Posts Tagged ‘strobist’
You can make yourself a quick and simple snoot by cutting off the upper portion of a soda bottle and covering it with gaffer tape. While it’s definitely not the most elegant solution, it’s a cheap way to isolate your subject when shooting with a flash unit.
How To Make A Snoot From A Coca-Cola Bottle [DIYPhotography]
Image credits: Photographs by Lior Kraisler
If you have a potato chip tube lying around, you can convert the tube into a super simple DIY snoot. All you need to do is cut an opening in the closed end that’s the size of your flash head (tip: use some duct tape to prevent it from scratching your flash).
Photographer Jesse Rosten wanted a more efficient and mobile way to do off-camera lighting, so he invented this backpack-style apparatus that he calls “The Strobist Jet Pack”. Although it’s pretty ridiculous looking (it reminds us of Ghostbusters), it works well for placing lighting equipment in exactly the place needed while still being able to move about.
Optical sensors are a cheap way to trigger slave flashes if you don’t want to pay for a wireless transmitter, but the fact that you’re firing your on-board flash to trigger the sensors limits your creative options. Flickr user Victor came up with the idea of turning an on-camera flash unit into an infrared transmitter by covering up the flash with a filter. The filter is simply a piece of processed (but unexposed) E6 slide film — it blocks visible light, making it completely black, but allows infrared light to pass through and trigger optical sensors.
Using Infra Red Masters To Trigger Optical Slaves [DIYPhotography]
If Doctor Octopus were to design a DIY flash accessory, it might look a little something like this. German microbiologist Marcell Nikolausz has been experimenting with using fiber optics to split a single flash unit’s light into multiple light sources. Optical fibers are threaded through Gorillapod-style Loc-Line channels, allowing flexible and stable positioning of the light sources. Each individual light source can be controlled using various modifiers (e.g. diffusers, gels, etc..), changing their quality and intensity.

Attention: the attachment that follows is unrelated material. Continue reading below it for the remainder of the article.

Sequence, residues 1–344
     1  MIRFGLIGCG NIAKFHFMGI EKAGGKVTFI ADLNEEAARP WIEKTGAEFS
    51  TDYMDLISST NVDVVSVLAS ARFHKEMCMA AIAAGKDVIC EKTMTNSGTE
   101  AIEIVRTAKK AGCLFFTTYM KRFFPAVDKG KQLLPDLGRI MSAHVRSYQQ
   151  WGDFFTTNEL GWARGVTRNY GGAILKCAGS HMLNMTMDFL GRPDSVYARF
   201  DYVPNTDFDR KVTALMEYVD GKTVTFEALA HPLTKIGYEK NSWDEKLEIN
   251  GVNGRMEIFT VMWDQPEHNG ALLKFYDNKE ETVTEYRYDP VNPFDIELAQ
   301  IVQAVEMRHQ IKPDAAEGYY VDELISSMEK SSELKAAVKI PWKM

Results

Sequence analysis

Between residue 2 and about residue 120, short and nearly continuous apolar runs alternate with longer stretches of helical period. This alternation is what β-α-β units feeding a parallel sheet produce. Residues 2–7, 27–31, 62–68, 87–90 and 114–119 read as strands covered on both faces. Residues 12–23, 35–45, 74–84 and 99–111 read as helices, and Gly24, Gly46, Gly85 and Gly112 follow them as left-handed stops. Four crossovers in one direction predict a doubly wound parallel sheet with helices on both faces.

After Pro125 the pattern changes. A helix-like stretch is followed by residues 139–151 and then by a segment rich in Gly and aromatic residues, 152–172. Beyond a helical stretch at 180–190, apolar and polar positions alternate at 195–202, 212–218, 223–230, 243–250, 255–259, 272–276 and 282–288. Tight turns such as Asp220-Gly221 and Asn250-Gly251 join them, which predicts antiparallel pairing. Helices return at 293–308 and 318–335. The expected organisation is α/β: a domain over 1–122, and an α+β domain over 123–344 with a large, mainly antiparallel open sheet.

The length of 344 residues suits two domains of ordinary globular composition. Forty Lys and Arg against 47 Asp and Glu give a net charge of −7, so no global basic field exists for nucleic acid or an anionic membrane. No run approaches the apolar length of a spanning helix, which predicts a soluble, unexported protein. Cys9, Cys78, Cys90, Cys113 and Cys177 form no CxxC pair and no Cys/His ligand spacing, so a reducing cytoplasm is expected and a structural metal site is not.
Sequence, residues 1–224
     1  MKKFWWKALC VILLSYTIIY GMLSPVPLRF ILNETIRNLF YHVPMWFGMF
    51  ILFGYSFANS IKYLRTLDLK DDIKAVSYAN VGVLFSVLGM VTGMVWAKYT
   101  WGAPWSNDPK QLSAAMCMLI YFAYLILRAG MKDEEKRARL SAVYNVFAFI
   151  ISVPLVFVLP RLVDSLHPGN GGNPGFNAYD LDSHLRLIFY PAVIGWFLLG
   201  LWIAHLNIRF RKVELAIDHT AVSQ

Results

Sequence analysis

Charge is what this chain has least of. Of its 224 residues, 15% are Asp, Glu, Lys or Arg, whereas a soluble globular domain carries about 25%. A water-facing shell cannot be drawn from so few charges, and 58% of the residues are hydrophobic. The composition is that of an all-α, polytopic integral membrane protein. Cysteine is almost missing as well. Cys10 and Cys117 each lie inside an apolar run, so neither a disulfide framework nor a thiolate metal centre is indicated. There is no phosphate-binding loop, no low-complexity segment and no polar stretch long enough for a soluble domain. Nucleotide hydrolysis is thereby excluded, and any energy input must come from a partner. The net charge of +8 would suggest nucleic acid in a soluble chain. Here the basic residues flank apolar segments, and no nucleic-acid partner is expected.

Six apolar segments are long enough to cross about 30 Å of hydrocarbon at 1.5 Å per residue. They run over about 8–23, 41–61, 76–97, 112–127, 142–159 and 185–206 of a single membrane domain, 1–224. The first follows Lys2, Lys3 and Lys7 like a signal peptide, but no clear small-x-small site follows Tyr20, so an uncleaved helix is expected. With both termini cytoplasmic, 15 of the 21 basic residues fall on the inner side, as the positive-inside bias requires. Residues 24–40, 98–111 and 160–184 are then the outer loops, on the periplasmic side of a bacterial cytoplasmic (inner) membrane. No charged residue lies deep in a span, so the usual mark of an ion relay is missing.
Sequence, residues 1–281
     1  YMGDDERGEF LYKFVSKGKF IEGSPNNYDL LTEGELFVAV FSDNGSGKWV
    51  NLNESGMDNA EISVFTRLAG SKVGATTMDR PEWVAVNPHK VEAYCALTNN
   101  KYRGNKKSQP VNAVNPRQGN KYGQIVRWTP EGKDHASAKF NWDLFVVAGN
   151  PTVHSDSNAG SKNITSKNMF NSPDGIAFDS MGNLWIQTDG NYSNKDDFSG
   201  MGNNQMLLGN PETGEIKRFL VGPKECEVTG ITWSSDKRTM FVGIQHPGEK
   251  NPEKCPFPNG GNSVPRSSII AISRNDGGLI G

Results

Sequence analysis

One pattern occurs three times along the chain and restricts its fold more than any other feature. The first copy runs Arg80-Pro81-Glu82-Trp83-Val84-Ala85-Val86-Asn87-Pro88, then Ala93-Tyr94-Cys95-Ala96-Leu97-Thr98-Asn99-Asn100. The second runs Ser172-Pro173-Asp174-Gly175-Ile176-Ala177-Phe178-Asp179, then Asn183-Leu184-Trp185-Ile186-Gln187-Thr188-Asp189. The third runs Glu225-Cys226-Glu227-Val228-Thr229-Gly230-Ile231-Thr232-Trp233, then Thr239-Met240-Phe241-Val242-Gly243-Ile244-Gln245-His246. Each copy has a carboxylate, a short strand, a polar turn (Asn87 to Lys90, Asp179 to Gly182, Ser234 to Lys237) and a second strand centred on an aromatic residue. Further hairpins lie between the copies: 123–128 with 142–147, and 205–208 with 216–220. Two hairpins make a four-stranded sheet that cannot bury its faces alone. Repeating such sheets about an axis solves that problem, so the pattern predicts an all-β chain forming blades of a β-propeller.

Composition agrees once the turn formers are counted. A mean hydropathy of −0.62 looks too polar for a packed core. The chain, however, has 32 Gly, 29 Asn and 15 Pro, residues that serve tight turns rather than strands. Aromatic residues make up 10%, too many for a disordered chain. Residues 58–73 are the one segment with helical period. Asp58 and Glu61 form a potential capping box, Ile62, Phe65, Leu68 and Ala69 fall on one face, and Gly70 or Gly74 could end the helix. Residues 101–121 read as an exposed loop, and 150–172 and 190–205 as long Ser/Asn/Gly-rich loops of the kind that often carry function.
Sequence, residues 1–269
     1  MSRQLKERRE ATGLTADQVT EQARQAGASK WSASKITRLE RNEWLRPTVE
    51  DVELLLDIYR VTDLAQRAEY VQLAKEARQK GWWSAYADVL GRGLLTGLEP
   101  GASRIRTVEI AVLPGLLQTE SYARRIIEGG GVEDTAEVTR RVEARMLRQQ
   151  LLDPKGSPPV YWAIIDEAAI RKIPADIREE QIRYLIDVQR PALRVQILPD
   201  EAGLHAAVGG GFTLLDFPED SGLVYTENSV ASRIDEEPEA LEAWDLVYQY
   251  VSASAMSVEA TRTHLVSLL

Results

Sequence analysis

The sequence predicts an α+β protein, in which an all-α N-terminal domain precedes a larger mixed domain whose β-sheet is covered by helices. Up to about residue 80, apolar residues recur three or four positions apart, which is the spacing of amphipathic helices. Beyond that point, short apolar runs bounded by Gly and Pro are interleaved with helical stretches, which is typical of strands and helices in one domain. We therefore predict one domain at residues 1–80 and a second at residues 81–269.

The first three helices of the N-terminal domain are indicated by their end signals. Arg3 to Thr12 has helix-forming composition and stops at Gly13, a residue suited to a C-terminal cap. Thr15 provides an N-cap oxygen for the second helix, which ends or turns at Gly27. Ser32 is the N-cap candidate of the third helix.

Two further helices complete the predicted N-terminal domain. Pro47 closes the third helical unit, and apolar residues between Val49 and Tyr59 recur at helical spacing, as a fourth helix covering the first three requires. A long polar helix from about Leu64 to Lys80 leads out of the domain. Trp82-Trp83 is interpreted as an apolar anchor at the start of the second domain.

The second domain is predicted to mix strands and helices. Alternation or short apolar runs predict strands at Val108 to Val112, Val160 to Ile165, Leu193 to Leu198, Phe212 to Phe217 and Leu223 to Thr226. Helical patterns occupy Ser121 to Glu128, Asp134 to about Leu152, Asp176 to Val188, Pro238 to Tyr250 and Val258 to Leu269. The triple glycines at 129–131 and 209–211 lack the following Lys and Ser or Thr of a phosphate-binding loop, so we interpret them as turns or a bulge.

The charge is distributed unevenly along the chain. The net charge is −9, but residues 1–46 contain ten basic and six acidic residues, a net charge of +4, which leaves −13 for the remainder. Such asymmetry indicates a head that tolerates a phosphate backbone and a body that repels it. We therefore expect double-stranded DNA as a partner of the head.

Image credits: Photographs by Marcell Nikolausz and used with permission
When we featured Strobox back in 2009, it was a simple idea: provide an easy way for photographers to create lighting diagrams and share them with others. Since then, they’ve upgraded their website to include a gallery where you can browse photographs done by others, view their lighting diagrams, and comment on them.
If you don’t have a full arsenal of lightning equipment, you can filter the photos by what kind of lighting equipment was used to browse photos that are more relevant to you.
Editor’s note: This walkthrough was originally published on Clint Decker’s Flickr account. We found it pretty informative and asked him to share it here.
Here is a little video on how I did the photography with Canon Speedlites while dropping items into a tank of water.
With a white background, I used a Canon Speedlite 580ex II on the left and right of the fish tank with water. They were set to manual 1/128sec.
I had a Canon Speedlite 430ex II on a chair behind the fish tank pointing towards the white background so it would come out pure white. This was set to manual 1/64th of a second (I would of done 1/128 but the 430ex II can only go down to 1/64). You want to go 1/128 so it freezes the splash mid air.
The Strobella is a small shoot-through umbrella that you mount to your flash unit using a velcro elastic band. The website states that it “doesn’t just softens the shadows but can reduces them significantly.” Hmm…
David Hobby over at Strobist is a fan:
This one is very hard to post with a straight face [...] I would only say that any umbrella of this size should rightfully have a stiff, fruity drink under it — with a tropical sunset as a backdrop.
The Strobella costs about $13 bucks if you live in Europe, and about $15 if you’re elsewhere. Yay for random camera attachments that will give you weird looks!